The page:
1. Don’t expect to get it right the first time. During our Friends and Family soft opening, we bit off more than we could chew. I’m so grateful we chose to do that, because it made me realize we needed more practice before we opened to the public. When opening a new restaurant or even introducing a new menu, it’s essential to work out the kinks beforehand.
2. Expect the unexpected It’s important to get all your ducks in a row and systems in place so you’re ready for anything. Trust me — anything that can happen, will happen.
3. Nurture the people that work for you. Invest in your staff and they will invest in you.
4. You earn respect by giving respect. This may be the Golden Rule, but unfortunately it can be a rarity in kitchens. Everyone from front-of-house hostesses to back-of-house dishwashers play an essential and integral role in the restaurant.
5. Have fun! We work in one of the most difficult and intricate industries. There’s so much happening at once from managing costs of goods to customer experience, If you don’t have fun and connect with guests and staff, it’s easy to get burned out. It’s important to enjoy the journey and laugh a lot along the way.
What’s the one dish people have to try if they visit your establishment?
Liquid Gold — this is 100-year-old family heirloom recipe for pork-and-lamb ragu and pappardelle. My husband’s grandfather was a founder in the CIA in the late 1940s. At the time, he and his wife were stationed in Cairo, Egypt, where they had an Italian chef who lived with them. She was from Florence, Italy and this is her recipe. It’s a Riordan family recipe that’s been passed down from generation to generation ever since.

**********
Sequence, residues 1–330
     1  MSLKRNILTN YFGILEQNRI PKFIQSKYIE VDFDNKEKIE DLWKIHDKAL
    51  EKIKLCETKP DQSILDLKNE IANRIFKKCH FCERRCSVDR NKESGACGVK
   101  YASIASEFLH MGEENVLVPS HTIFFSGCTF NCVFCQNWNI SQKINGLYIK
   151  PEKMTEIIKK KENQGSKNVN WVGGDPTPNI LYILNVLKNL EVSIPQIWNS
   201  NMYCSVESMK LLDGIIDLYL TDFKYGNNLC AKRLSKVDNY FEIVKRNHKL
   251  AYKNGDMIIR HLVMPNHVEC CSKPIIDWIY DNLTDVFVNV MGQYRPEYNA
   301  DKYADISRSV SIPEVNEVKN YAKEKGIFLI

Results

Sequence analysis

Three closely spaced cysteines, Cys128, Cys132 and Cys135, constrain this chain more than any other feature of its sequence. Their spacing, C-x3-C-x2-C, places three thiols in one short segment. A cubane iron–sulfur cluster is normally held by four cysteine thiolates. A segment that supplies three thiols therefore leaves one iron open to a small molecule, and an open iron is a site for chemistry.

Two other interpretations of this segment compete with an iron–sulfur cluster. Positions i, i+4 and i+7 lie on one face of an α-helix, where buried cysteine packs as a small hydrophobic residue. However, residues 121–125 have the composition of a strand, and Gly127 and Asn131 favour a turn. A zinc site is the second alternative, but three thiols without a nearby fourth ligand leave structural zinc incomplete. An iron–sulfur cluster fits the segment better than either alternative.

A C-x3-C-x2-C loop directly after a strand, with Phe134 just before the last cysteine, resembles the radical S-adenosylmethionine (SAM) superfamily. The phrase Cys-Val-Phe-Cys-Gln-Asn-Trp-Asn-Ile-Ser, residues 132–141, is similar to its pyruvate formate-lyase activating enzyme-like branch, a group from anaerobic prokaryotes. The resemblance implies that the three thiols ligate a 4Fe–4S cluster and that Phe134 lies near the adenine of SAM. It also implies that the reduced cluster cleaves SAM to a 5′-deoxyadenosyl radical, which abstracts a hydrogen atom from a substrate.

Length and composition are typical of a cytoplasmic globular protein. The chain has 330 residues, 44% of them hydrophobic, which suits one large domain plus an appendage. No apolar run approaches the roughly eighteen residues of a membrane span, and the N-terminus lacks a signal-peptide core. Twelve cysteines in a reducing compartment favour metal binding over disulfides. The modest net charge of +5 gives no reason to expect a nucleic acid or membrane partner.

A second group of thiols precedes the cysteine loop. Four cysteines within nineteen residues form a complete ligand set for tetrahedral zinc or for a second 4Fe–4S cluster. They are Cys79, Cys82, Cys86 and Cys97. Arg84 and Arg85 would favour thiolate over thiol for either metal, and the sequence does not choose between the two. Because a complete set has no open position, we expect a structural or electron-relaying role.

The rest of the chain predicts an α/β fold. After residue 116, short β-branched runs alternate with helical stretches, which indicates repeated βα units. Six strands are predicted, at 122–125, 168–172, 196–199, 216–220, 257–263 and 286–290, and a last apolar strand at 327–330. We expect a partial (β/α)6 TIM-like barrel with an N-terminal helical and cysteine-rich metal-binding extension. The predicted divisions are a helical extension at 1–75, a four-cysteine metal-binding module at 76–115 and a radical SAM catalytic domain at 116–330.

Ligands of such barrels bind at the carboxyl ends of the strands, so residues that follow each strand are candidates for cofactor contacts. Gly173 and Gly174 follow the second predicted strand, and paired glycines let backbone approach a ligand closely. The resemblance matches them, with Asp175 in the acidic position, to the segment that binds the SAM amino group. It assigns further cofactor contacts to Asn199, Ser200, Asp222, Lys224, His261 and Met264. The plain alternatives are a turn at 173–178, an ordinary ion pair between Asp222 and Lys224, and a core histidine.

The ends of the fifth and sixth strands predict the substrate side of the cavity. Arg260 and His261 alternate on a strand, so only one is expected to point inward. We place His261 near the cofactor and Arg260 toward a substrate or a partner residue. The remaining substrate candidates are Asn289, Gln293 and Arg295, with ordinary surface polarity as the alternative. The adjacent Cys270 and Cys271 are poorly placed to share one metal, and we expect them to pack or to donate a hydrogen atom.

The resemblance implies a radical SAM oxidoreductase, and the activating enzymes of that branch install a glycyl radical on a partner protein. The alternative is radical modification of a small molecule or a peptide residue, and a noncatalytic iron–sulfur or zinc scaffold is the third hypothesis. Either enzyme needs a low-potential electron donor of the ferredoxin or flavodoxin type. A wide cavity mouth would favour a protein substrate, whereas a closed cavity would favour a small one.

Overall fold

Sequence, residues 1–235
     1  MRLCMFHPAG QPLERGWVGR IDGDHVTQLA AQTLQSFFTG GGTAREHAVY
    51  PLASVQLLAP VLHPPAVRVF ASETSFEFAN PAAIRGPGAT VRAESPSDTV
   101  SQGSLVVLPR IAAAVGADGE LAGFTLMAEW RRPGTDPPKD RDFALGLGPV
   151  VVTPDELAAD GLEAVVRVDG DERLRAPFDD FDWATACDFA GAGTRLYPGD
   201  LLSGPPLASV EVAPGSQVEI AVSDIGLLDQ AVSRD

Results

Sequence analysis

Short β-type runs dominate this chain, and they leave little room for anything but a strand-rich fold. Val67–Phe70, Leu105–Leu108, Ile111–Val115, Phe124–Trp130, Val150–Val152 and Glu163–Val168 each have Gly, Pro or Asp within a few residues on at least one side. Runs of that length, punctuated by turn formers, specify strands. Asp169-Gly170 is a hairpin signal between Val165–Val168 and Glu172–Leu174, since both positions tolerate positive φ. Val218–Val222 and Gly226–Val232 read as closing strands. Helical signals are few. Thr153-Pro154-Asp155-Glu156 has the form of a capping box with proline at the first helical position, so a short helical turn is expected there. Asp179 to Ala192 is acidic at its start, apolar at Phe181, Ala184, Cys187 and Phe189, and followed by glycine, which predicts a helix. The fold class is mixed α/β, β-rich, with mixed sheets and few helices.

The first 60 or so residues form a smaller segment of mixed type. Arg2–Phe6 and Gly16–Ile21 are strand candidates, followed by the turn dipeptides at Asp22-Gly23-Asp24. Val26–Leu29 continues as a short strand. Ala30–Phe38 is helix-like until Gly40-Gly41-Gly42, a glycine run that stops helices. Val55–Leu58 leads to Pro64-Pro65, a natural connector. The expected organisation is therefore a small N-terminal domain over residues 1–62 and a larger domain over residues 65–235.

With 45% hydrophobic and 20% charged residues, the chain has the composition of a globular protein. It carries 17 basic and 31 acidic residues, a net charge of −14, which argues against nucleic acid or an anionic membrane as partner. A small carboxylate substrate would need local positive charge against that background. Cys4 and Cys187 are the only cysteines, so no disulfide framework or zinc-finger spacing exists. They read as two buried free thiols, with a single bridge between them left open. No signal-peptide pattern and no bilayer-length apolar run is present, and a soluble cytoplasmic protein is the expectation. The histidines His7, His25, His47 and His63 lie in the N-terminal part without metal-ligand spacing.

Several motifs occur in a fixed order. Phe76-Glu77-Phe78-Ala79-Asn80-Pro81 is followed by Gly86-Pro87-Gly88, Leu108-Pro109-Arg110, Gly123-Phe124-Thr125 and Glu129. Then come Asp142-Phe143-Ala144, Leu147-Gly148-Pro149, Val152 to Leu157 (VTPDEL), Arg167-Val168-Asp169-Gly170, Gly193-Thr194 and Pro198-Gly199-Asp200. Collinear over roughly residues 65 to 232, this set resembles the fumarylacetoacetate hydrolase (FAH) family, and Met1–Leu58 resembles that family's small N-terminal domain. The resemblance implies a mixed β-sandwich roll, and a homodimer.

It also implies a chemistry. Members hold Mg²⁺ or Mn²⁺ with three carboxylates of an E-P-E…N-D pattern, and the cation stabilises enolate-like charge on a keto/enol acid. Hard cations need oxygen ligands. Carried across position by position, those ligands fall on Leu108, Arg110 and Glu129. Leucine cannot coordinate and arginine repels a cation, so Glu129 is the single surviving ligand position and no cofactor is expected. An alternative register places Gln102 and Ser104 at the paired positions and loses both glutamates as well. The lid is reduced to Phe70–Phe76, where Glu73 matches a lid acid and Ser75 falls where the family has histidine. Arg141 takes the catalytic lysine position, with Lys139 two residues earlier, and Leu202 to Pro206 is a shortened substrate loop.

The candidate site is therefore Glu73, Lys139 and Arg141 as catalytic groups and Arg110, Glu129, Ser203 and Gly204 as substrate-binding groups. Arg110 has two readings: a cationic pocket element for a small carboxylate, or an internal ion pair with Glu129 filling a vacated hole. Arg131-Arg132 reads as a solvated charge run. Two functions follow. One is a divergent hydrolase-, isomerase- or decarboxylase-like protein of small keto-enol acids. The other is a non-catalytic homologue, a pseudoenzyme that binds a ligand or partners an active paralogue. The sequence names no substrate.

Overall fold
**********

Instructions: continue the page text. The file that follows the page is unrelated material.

You are a person of enormous influence. If you could inspire a movement that would bring the most amount of good to the most amount of people, what would that be? You never know what your idea can trigger.
I am an advocate for mental health awareness — especially in the culinary industry. The restaurant business is grueling. Chefs and kitchen staff work 70–80 hours a week. But there’s stigma and fear surrounding mental health concerns like burnout, anxiety, and depression. I’m working to bring light to this by inviting open conversation and acceptance surrounding the mental and emotional struggles people in the culinary industry face.
Thank you so much for these insights. This was very inspirational!